‘Technology Off-take Is Faster In Rural India’
In an interview with BW Businessworld, Puri talks about the bank’s business strategy and the progress of the economy
Photo Credit : Subhabrata Das
For someone who doesn’t like to use too many gadgets, HDFC Bank’s Managing Director Aditya Puri makes sure the bank is on top of all things tech. Puri does not necessarily go for volumes as long as there’s profitability. And as his peers say that if Puri is in business, it means it makes business sense. In an interview with BW Businessworld’s Clifford Alvares, Puri talks about the bank’s business strategy and the progress of the economy.
HDFC Bank has been known for its clean balance sheet, risk-management systems and consistent performance. What is the secret?
We determine the markets we need to access, the credit risk we will take, procedures and policies we will follow. Consequently, the net credit risks that result lead to pricing a product. We use technology to provide a better product at a good price, with integrity and fairness. Now, when this is done, we have found performance should be consistent.
What is HDFC Bank’s strategy in building a robust loan book, that is growing decently, along with low NPAs?
The credit side is simple. Every product has certain risks. But one has to determine the default rate. You have to monitor this at all times to check if the assumptions made are correct. If the result differs, one has to analyse why. Or see how you need to tweak it so that you are able to have a business that provides returns to shareholders. We have to make sure that whatever money you have borrowed, you are able to repay. The loans must come back, and if there is a default rate, it should be there in your pricing.
The key to building a loan book is complemented by a strong liabilities franchise. HDFC Bank is one of the best on this parameter, too?
Our liabilities are a consequence of our business model. We are market leaders by far in cash management; that is one source of money. We have gone to specific segments like stock markets where we are bankers to individuals, to brokers and to the exchange. So, the money circulates. Just as we have done on the asset side, we have done on the liability side, using technology and products to provide services to customers based on which we get balances. These cannot be got on price. They have to be the result of a business model and services.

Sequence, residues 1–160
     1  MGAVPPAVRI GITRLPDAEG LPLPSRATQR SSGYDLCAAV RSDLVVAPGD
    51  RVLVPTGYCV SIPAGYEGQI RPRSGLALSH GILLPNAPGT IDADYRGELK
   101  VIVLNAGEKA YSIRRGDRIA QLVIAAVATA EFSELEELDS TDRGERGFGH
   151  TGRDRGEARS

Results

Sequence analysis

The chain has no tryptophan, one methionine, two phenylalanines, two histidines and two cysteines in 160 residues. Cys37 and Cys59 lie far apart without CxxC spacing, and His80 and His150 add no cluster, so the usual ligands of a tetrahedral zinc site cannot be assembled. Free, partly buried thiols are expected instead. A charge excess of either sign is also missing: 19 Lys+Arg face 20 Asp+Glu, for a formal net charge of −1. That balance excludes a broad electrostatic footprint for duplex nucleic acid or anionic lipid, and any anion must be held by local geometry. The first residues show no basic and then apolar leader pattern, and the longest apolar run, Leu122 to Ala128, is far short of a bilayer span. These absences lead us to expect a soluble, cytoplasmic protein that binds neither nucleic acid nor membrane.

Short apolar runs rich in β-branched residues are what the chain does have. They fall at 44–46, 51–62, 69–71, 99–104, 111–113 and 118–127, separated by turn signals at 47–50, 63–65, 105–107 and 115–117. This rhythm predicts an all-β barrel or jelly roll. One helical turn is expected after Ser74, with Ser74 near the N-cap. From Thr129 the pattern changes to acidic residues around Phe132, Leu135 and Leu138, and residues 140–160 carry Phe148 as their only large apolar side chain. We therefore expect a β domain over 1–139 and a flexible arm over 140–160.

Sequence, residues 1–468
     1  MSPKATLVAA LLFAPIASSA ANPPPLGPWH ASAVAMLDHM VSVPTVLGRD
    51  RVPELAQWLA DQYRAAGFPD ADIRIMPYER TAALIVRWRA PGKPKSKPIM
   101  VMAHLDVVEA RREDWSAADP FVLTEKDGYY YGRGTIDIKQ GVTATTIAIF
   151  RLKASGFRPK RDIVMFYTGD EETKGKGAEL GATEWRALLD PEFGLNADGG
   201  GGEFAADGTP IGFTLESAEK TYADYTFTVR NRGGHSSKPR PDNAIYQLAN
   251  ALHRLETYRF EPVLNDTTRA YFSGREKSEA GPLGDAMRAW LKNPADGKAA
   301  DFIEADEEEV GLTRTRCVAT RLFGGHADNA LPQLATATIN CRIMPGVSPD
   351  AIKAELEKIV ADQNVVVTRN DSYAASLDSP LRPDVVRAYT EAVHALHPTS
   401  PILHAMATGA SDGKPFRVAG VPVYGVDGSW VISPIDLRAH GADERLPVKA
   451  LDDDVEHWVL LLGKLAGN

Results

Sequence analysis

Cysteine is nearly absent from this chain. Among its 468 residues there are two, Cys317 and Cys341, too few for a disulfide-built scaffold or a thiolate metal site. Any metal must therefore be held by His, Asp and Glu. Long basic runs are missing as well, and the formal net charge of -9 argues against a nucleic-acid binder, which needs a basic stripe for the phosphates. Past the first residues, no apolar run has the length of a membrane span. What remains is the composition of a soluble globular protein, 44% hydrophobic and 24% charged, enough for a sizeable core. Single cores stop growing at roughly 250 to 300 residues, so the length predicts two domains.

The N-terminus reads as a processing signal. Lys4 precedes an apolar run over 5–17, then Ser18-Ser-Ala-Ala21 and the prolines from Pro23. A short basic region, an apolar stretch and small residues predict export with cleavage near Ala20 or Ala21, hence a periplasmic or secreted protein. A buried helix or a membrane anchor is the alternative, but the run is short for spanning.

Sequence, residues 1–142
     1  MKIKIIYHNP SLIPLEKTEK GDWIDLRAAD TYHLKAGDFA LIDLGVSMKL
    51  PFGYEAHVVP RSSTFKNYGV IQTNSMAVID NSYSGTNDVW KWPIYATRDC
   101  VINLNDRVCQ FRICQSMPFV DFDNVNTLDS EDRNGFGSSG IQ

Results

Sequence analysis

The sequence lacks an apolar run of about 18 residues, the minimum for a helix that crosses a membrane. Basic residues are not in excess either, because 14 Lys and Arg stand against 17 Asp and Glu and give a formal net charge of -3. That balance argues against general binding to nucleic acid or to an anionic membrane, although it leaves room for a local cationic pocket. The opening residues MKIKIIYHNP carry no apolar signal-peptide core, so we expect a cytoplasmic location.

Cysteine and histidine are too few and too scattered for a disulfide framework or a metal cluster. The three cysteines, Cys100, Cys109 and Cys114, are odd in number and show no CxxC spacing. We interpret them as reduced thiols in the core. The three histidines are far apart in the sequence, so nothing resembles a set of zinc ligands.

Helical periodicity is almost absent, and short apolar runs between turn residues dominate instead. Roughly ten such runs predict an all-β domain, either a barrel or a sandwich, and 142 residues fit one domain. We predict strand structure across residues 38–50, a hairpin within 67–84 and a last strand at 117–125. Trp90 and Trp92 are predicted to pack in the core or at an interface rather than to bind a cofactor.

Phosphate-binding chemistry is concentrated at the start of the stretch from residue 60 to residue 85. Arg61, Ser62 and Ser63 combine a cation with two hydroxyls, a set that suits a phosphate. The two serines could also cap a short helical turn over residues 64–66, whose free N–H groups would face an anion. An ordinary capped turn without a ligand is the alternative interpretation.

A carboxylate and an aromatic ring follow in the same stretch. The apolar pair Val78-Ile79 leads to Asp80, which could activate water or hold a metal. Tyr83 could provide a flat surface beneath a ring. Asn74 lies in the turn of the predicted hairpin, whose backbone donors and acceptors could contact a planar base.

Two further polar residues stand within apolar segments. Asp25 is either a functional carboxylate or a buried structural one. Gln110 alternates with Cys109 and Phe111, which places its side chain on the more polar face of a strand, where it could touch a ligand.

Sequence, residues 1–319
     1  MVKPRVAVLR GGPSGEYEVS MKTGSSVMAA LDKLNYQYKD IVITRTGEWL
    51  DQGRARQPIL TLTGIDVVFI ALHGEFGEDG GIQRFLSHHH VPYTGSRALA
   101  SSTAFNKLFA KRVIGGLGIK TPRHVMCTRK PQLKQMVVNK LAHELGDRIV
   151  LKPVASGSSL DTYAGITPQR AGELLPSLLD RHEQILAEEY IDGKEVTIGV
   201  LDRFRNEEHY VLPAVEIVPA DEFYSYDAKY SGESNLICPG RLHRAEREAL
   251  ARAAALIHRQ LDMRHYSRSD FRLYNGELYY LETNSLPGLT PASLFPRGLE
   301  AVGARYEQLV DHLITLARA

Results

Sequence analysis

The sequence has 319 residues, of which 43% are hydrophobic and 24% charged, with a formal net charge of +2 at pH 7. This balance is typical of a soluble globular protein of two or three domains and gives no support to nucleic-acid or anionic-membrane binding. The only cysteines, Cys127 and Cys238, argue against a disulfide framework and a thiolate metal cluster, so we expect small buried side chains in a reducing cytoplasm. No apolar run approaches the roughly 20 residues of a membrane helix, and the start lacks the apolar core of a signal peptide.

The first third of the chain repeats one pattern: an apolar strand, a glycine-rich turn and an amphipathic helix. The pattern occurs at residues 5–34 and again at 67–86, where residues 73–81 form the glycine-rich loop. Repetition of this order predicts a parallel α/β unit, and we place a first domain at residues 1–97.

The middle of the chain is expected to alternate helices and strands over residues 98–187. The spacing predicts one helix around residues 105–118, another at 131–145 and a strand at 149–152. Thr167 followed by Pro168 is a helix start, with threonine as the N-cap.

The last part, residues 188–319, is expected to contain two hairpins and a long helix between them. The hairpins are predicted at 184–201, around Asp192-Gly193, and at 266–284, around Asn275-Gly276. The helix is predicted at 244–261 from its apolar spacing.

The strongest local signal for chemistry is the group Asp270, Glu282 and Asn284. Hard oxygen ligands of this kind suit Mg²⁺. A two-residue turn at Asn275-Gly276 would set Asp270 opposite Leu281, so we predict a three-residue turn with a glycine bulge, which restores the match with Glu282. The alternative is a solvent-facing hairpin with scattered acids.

How do you use AI and automation to reduce costs and improve efficiencies?
Two things: the ability to analyse has increased with computing power, and information is available and everybody is connected. We have used technology to change the process, and enhance convenience. This results in greater efficiency for us and reduced costs. We have similar processes on ‘trade on net’, where one can open letters of credit.
We have used technology to provide frictionless service across any device suitable to you; then provide you straight-through processing in the fastest turnaround time at the right price. We have used technology to simplify process.
HDFC Bank had introduced a robot in a branch (to welcome customers). Is this gimmick or has there been any major impact?
That is not a gimmick. It is to test whether a robot can provide front-office services. This is real robot. More important are virtual robots like chatbot, which performs routine functions. We have robots looking at customer service, query resolution, credit-approval processes as well as scanning documents. Artificial intelligence will keep improving the virtual robots.
Will the strategy of opening more branches change given advancements in technology and mobile banking?
We are opening fewer branches. Also, we have reduced their sizes. Obviously, with each new technology we overemphasize its importance. Thankfully, there is a thing called human frailty, and human minds and human discretion will not make us robots. So, will the branch vanish? No. More efficient? Yes.